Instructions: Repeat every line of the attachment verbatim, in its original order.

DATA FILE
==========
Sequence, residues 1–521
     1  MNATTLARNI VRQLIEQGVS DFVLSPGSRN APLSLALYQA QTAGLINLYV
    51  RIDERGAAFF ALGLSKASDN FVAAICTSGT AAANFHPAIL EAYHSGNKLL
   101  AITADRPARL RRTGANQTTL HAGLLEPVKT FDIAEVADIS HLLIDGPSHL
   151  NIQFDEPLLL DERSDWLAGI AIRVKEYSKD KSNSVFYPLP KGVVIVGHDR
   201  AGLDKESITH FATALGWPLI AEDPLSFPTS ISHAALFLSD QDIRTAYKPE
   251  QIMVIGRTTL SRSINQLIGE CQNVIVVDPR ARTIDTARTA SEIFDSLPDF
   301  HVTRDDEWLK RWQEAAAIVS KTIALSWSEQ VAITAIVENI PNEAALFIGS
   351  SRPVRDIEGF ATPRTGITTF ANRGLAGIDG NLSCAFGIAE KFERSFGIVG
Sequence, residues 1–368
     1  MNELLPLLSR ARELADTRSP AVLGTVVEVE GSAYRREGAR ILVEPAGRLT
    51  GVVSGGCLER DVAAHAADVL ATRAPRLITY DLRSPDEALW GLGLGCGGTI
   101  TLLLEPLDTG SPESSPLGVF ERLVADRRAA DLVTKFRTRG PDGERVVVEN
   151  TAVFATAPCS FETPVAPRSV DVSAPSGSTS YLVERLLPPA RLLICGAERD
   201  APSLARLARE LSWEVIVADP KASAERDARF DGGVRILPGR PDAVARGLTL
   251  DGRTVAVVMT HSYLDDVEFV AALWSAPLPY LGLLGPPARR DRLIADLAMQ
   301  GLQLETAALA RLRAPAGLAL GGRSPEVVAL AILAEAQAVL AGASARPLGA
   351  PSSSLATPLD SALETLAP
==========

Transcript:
Sequence, residues 1–521
     1  MNATTLARNI VRQLIEQGVS DFVLSPGSRN APLSLALYQA QTAGLINLYV
    51  RIDERGAAFF ALGLSKASDN FVAAICTSGT AAANFHPAIL EAYHSGNKLL
   101  AITADRPARL RRTGANQTTL HAGLLEPVKT FDIAEVADIS HLLIDGPSHL
   151  NIQFDEPLLL DERSDWLAGI AIRVKEYSKD KSNSVFYPLP KGVVIVGHDR
   201  AGLDKESITH FATALGWPLI AEDPLSFPTS ISHAALFLSD QDIRTAYKPE
   251  QIMVIGRTTL SRSINQLIGE CQNVIVVDPR ARTIDTARTA SEIFDSLPDF
   301  HVTRDDEWLK RWQEAAAIVS KTIALSWSEQ VAITAIVENI PNEAALFIGS
   351  SRPVRDIEGF ATPRTGITTF ANRGLAGIDG NLSCAFGIAE KFERSFGIVG
Sequence, residues 1–368
     1  MNELLPLLSR ARELADTRSP AVLGTVVEVE GSAYRREGAR ILVEPAGRLT
    51  GVVSGGCLER DVAAHAADVL ATRAPRLITY DLRSPDEALW GLGLGCGGTI
   101  TLLLEPLDTG SPESSPLGVF ERLVADRRAA DLVTKFRTRG PDGERVVVEN
   151  TAVFATAPCS FETPVAPRSV DVSAPSGSTS YLVERLLPPA RLLICGAERD
   201  APSLARLARE LSWEVIVADP KASAERDARF DGGVRILPGR PDAVARGLTL
   251  DGRTVAVVMT HSYLDDVEFV AALWSAPLPY LGLLGPPARR DRLIADLAMQ
   301  GLQLETAALA RLRAPAGLAL GGRSPEVVAL AILAEAQAVL AGASARPLGA
   351  PSSSLATPLD SALETLAP